Gratitude and Graciousness 2 Samuel 9 by Pastor Don Moore

Wednesday, December 12, 2007

Gratitude and Graciousness 2 Samuel 9 by Pastor Don

Pastor Don gave this Bible study the day before Thanksgiving so he gave some history about our country that might be interesting for you.

A year before the Pilgrims landed at Plymouth Rock, the first settlers that came to our country landed at a place on the shores of the James River, that was later called the Berkeley Plantation, but they didn’t have as big a publicity agent as Plymouth Rock. When they landed, 12 or 15 men got off of the boat, hit the ground, and gave thanks. They declared that day a Thanksgiving Day for God, for a safe journey across the ocean. But they also were thanking God for this land. The captain of the ship, in his opening prayer, dedicated this land to the Lord Jesus Christ. The Berkeley Plantation didn’t get notoriety because a few years after that they came under attack by the Indians and much of the plantation was destroyed. Twelve or thirteen people died in this attack, the rest left for a while, leaving the plantation uncared for. A few years later they started to rebuild Berkeley Plantation and about 138 people built a settlement there.

Pastor Don told us that Berkeley Plantation is a beautiful place and some of the foundations of the original houses are there. He and Cynthia  found the Plantation by chance. In the past they had always gone to Williamsburg. But a lot of times when you go to Williamsburg you don’t look at the deeper history and some of the main tourist sites get notoriety. Pastor Don asked one of the Williamsburg tour guides where the first Thanksgiving occurred. The tour guide told him everybody thinks it was up in Massachusetts, but it was actually at Berkeley Plantation a year before the Pilgrims at Plymouth Rock celebrated. Pastor Don and Cynthia went to Berkeley Plantation, which is a little further down the James River than the popular spots. The Plantation has archived records and statues. Historians have verified its history. So the United States was dedicated at the Berkeley Plantation a year before Plymouth Rock.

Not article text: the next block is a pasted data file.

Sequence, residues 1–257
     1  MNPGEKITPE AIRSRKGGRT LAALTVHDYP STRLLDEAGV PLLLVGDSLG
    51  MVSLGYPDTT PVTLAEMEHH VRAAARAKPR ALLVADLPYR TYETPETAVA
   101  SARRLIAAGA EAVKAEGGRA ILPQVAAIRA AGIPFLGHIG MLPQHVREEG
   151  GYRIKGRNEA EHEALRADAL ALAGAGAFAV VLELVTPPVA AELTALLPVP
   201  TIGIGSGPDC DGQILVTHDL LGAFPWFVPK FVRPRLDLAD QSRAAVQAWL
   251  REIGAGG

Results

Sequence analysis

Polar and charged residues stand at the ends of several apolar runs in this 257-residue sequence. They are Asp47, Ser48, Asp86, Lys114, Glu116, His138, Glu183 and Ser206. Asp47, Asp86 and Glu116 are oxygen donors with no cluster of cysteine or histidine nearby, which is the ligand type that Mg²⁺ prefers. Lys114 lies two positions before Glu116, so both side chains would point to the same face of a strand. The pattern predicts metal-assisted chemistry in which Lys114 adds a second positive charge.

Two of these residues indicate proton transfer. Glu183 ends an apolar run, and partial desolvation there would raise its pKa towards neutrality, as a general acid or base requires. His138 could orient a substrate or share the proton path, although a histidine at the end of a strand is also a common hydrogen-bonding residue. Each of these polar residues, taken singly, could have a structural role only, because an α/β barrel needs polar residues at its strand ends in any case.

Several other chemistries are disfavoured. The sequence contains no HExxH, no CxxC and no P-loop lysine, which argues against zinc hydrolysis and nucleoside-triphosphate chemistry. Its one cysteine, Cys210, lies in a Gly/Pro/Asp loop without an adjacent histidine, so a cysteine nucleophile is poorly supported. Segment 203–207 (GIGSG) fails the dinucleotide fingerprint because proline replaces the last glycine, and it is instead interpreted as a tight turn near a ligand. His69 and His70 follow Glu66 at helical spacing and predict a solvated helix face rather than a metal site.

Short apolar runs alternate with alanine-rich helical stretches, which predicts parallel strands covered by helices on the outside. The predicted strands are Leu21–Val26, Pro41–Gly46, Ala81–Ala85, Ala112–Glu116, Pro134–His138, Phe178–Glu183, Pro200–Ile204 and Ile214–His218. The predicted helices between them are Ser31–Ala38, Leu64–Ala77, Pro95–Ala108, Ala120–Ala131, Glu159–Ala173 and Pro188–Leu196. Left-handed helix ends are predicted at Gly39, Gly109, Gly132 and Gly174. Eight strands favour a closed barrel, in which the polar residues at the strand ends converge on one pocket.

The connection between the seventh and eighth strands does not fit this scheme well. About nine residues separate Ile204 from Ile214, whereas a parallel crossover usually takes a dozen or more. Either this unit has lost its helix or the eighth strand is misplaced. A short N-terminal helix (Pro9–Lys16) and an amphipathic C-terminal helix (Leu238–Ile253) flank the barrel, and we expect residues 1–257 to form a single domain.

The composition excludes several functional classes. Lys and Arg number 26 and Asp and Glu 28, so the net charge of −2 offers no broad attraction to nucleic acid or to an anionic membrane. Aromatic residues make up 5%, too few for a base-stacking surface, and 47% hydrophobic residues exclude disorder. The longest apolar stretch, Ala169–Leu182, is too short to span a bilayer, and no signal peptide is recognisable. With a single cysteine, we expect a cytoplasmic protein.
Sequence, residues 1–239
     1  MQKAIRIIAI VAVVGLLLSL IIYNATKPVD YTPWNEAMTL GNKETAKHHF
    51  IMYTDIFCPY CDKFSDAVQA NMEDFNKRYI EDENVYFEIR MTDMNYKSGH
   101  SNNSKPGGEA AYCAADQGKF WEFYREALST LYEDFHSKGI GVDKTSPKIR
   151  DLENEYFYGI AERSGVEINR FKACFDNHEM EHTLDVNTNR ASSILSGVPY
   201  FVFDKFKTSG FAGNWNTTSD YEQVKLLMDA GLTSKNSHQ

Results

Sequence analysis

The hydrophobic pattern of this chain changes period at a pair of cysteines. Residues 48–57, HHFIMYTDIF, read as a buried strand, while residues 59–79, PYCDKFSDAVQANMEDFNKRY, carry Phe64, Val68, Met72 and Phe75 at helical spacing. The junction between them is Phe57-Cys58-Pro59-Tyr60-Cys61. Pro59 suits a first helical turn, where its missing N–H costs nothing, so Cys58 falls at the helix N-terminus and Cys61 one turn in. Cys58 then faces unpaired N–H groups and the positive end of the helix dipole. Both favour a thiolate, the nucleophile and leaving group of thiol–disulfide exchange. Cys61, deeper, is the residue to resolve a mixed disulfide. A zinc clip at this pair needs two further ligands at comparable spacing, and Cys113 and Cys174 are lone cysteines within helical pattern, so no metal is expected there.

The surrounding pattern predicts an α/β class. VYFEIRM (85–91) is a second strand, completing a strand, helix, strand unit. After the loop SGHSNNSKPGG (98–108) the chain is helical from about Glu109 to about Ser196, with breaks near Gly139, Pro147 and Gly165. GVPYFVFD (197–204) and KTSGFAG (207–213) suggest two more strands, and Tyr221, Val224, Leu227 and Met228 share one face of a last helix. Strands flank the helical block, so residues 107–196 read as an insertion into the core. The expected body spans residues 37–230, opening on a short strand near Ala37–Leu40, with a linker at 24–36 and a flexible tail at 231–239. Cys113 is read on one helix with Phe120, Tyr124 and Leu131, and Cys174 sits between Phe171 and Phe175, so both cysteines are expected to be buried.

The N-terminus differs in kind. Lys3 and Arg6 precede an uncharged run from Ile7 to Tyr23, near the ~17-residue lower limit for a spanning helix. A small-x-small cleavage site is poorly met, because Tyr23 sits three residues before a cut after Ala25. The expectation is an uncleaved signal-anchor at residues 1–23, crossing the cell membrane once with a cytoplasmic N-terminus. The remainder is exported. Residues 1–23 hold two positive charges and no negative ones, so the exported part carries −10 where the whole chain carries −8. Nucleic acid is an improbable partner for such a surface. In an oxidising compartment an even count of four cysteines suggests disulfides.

Pastor Don asked us to turn to 2 Samuel 9 so we could get some spiritual food in us. In Second Samuel we pick up the story of King David. King David was very successful because he knew how to both praise God and give thanks to God. He had never lost track of the reality of where he came from. Therefore he was grateful for where he was, but he also had a sense of respect and honor for the graciousness of God that had brought him to a special place.

The graciousness of God can be lined up with the mercy of God. We say God is merciful and gracious unto us in some of our hymns, Psalms, etc. The word “mercy” is another word for kindness, or an extension of niceties to people. But the graciousness of God goes beyond that. In kindness, you may spare someone harm, but if you are going to be gracious to them you are going to give them something which takes them, not just from harm, but also empowers them. So when we say, “that God has been gracious to me or has shown me grace,” it means that He has shown you not only mercy, but He has also gone one step better. He has empowered you and placed you in position to do something about your circumstances and your situation. Now, inherent in that definition is a reality that, if the person realizes someone has been gracious to them, they respond to that graciousness with a wonderful attribute –GRATITUDE. In other words, if someone has been gracious to you, the next expression after that graciousness should be gratitude. You expect an attitude of gratitude especially when someone shows you kindness. But if that kindness has empowered you, as graciousness does, the response should be one of gratitude expressed.